Trooper wounded, assailant killed

Second officer returns gunman’s fire in interstate stop

Colorado State Patrol Chief Scott Hernandez and Garfield County Sheriff Lou Vallario speak during a press conference Thursday about the shooting of a state trooper. Photo by Dennis Webb.

Trooper Eugene Hofacker

Colorado State Patrol troopers don’t commonly travel two to a car.

But Colorado State Patrol Chief Scott Hernandez considers it “a great thing” that another patrolman was with Trooper Eugene Hofacker when Hofacker was shot on Interstate 70 in Glenwood Canyon Thursday morning.

“I believe it was life-saving,” Hernandez said.

The second trooper shot and killed the shooting suspect, who reportedly had a lengthy criminal record including arrests for violent crimes, and Hofacker was rushed to Valley View Hospital in Glenwood Springs. He underwent surgery there and was in critical but stable condition, Hernandez said.

Hofacker, 31, is a six-year veteran of the State Patrol. He is single, and his girlfriend was with him at Valley View Thursday, Hernandez said.

The incident happened just after 9 a.m. Thursday and resulted in westbound I-70 being closed for much of the day. Eastbound I-70 also was closed sporadically.

Garfield County Sheriff Lou Vallario said the troopers had stopped to assist a pulled-over vehicle and Hofacker was shot by the driver after approaching him. The second trooper then returned fire.

The shooting occurred around mile marker 129 of westbound I-70, just east of the Bair Ranch I-70 exit in Glenwood Canyon.

Authorities haven’t released the second trooper’s name.

Hofacker and the fellow trooper worked out of Eagle County and were among a group of troopers headed to Glenwood Springs for training. Vallario said a third trooper was right behind them and was able to assist Hofacker until an ambulance arrived. He said Hofacker was alert and conscious before going into surgery, “so that’s a good sign.”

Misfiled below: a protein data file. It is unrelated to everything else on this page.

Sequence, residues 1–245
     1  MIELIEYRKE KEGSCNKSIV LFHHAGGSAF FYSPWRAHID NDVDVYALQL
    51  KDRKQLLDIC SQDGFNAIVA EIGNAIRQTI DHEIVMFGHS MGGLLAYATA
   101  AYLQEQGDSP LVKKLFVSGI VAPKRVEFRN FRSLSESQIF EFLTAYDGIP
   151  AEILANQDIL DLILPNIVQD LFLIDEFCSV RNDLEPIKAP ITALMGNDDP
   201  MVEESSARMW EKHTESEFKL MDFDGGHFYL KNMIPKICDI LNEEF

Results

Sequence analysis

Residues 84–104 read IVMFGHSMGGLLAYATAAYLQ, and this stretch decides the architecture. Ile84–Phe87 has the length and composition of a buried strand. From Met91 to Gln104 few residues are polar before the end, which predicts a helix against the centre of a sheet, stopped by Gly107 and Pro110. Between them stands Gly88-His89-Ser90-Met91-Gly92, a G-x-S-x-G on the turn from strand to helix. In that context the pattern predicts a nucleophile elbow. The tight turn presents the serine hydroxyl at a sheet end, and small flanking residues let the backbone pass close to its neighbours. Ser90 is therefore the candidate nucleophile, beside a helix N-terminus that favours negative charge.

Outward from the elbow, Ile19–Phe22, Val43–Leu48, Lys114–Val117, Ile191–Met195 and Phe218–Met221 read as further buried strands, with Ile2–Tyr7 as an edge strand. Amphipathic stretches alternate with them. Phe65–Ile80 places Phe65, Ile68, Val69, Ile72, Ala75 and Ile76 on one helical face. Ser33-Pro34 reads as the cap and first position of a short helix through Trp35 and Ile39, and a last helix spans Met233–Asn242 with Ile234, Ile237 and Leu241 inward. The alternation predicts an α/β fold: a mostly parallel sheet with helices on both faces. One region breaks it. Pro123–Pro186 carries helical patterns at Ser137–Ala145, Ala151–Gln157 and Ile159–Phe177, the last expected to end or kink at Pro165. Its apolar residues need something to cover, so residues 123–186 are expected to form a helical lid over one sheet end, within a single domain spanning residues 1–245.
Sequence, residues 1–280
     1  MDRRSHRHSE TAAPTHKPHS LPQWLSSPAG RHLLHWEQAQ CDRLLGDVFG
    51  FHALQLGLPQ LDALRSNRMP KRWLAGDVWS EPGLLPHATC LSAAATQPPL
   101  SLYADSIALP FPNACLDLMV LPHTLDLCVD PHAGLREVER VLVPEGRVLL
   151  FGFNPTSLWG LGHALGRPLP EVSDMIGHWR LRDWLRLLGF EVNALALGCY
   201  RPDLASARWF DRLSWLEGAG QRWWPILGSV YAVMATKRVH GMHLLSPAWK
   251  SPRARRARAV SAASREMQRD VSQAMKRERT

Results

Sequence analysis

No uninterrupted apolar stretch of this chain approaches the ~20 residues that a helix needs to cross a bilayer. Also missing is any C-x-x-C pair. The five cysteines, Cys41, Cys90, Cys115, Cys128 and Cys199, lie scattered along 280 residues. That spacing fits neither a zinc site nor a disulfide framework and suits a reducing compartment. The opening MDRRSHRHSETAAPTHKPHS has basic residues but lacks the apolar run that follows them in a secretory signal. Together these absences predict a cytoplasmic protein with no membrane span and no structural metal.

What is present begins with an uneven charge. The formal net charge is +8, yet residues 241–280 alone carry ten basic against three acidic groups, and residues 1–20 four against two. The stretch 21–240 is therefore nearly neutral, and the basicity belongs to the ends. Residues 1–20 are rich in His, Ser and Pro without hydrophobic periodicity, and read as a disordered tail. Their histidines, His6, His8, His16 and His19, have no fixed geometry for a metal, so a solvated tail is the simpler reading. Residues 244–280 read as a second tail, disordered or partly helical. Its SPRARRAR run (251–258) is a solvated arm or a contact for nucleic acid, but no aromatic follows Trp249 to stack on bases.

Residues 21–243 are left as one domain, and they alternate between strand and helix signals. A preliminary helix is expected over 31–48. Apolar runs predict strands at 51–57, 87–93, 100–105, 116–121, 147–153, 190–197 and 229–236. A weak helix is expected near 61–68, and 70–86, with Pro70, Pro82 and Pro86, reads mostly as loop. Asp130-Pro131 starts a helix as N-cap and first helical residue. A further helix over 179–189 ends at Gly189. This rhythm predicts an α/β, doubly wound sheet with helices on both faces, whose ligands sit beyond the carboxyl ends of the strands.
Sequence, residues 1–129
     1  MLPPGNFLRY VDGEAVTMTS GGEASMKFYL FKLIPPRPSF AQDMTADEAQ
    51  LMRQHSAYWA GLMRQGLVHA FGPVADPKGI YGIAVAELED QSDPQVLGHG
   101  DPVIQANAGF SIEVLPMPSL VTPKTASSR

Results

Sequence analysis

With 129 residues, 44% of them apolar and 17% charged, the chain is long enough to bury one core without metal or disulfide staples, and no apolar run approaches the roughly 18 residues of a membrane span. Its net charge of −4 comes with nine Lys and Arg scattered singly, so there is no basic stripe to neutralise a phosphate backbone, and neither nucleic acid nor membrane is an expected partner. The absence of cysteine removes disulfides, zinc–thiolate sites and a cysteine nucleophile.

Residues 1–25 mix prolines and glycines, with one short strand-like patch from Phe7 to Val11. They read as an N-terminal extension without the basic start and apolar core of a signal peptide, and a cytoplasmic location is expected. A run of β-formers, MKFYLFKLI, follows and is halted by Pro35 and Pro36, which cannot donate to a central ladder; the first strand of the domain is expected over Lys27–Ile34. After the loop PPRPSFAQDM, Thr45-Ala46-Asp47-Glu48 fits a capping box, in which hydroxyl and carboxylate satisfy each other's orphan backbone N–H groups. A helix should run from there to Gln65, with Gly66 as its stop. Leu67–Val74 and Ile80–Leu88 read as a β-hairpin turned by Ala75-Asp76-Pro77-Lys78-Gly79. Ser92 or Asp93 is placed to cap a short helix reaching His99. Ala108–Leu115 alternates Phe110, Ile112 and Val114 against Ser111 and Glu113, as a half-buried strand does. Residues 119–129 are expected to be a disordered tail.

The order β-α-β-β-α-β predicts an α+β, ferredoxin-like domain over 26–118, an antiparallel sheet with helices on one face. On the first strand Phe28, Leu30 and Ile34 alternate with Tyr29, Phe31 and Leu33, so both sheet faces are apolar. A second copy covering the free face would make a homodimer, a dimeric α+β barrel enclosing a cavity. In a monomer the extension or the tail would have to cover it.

A suspect’s name was being reported by some media outlets Thursday, but hadn’t been formally released because the Garfield County Coroner’s Office had yet to be able to notify family.

Vallario said, “I would be willing to say at this point he probably has an extensive violent criminal history.”

The man identified in the media reports was arrested last year and charged with attempted murder and other charges in connection with a drive-by shooting in Mesa County, and as a juvenile was prosecuted as an adult for homicide and sent to the Territorial Correctional Center in Cañon City.

He has a lengthy Colorado arrest record, including convictions in Montrose County on charges of assault and obstructing a peace officer, and arrests in parole violation, drug and other cases.

Hernandez said he was proud of the response by troopers Thursday, and that they “acted in an absolutely heroic fashion.”

He told reporters at a press conference, “This has been a very tough day and I hope all of your thoughts and prayers go out to (Hofacker).”

“Your Trooper is in our thoughts and prayers,” the Aurora Police Department tweeted in one of dozens of social-media messages to the Colorado State Patrol.

Said Hernandez, “You know, ultimately this highlights the job that troopers and all of law enforcement do, pulling up on a vehicle and the danger that exists with what we do,” he said.

He said he didn’t know the nature of Hofacker’s surgery.

“I know that I am very relieved and thankful that he is alive right now,” Hernandez said.

He said Hofacker was wearing body armor but he doesn’t know if that helped save his life.

Due to the preliminary nature of the investigation, Vallario didn’t have immediate information Thursday on details such as what kind of gun the suspect had, the total number of shots that were exchanged and what evidence may have been found in the suspect’s car. The Colorado Bureau of Investigation worked the crime scene.

Vallario said he expected investigation details to be released in fairly short order because there is no other suspect other than the one who died.

The sheriff’s office also will be handling the investigation into the second trooper’s role in the fatal shooting, and planned to interview him, Vallario said.

“Right now he’s secure, he’s trying to gather his thoughts,” Vallario said late Thursday afternoon.

Garfield County also was the site of another trooper shooting in 2006. Trooper Brian Koch was seriously wounded during a traffic stop south of Silt. That led to a manhunt, and the shooting suspect, Steven Appl, later killed himself at a police checkpoint while hiding in a car someone else was driving. Koch’s injuries were so bad that he was forced to leave the State Patrol.


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